It had such a lovely, mystical feeling about it. Hopping from stones across small rivers and ducking under low edges in the mountain was so much fun and definitely a little bit romantic!
We had an incredible time in the Black Forest and can’t wait to get back there again soon. But for now, I have my souvenirs and instax photos to display!
During our time Switzerland we’ve had a new apartment each year, and in March, we’ll be moving into our fourth! Its not ideal moving every year but when you’re living in a country that you’re not 100% familiar with you don’t know which areas/towns suit you best until you’ve tried them out! Also, when you have no particular ties to an area such as family or schools, you’re more inclined to take job offers and move to areas further away. The reason we’re moving this time is due to work, my current commute takes about an hour and 15 minutes, so I’d be pretty stoked to minimise the 2 1/2 hours I spend in the car everyday! The only thing I’m not stoked on is starting the whole hunting process again, it seems a little more complicated here than it does in the UK so I decided to create a little guide to help you guys when you find yourself looking for somewhere to live in Switzerland!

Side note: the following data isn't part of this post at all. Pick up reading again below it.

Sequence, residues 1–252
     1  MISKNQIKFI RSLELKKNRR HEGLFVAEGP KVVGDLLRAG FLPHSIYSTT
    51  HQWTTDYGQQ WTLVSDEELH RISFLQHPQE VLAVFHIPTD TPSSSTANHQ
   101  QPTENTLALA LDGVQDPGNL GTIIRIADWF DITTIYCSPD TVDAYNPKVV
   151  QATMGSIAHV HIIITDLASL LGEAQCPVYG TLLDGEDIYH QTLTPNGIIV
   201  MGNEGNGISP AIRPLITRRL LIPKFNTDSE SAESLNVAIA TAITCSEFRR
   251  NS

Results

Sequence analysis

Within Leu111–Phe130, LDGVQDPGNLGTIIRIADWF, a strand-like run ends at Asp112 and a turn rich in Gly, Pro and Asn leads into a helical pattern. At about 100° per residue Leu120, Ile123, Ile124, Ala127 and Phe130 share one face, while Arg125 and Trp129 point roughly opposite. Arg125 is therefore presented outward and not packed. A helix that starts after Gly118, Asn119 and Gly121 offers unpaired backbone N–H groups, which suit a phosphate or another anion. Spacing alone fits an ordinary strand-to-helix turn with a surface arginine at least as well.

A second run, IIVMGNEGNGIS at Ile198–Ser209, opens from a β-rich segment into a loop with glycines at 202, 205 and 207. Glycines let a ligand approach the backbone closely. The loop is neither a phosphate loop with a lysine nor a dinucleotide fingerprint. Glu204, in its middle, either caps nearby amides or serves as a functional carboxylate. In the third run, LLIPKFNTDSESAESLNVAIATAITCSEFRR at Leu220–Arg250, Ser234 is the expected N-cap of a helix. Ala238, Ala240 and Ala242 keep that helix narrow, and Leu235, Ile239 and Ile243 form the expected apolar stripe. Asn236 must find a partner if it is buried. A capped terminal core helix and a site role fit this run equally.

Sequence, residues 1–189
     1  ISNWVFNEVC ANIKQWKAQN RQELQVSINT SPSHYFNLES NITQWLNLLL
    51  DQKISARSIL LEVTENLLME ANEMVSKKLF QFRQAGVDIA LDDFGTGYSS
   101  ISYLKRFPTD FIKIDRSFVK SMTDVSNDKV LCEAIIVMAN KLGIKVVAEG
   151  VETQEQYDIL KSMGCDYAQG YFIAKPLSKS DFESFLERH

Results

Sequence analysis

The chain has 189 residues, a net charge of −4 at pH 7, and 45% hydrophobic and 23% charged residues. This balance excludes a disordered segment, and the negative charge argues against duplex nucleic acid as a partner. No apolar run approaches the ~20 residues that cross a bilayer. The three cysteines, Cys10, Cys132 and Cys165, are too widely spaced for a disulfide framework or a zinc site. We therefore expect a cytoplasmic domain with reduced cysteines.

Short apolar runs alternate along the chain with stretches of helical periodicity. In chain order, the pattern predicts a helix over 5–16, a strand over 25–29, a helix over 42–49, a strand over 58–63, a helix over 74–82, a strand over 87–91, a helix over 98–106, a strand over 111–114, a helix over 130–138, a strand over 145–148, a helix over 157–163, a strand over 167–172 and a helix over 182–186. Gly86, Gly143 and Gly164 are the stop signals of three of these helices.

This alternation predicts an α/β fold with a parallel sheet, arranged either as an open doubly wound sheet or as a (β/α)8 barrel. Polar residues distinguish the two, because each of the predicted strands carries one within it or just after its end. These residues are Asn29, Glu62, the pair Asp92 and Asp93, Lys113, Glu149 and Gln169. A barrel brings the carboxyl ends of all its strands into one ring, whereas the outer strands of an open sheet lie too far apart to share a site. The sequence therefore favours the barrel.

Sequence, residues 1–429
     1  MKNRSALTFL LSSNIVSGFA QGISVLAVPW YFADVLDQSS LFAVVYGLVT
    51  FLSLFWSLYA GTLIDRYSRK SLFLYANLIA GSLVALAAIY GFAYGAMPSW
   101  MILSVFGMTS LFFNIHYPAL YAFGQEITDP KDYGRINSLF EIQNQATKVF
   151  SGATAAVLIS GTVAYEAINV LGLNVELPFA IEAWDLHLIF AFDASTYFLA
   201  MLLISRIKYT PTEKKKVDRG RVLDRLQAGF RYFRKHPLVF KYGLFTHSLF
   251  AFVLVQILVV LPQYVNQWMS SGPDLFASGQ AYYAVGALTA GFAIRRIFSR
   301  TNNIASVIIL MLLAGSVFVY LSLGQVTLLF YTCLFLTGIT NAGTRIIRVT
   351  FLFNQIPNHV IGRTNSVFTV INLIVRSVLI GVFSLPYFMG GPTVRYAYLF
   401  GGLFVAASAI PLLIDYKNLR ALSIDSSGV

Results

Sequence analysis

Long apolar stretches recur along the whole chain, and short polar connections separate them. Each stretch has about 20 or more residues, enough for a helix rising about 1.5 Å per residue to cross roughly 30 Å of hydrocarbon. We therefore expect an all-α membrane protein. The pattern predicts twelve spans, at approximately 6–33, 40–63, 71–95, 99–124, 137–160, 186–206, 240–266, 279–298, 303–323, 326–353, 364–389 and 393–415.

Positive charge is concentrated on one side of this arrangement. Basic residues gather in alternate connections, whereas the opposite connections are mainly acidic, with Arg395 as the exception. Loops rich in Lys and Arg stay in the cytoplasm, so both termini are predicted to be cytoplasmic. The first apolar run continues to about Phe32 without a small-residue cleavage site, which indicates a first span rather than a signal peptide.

1. Where to look:
Part of what makes house hunting in a foreign country more difficult is not knowing where to look, especially if you’ve just arrived. The two main websites I use are ImmoScout and Homegate. They’ve just become my two go to websites over the years. There are of course other sites you can choose but these are the two that I have tried, tested and been satisfied with. If you know the location you want to be living, a good place to look is in the local stores: the corner shops, Coop, Migros, Denner etc all have noticeboards with adverts for that particular town. The only downside to that is that they don’t always have photographs and you might have to telephone the contact number and speak Swiss german! You can also sign up to expat groups and buy/sell/swap groups on facebook, often some people that need to leave the country or move sooner than their tenancy expires will search for someone to take over their contract for them.
2. Know what you want and what your budget is: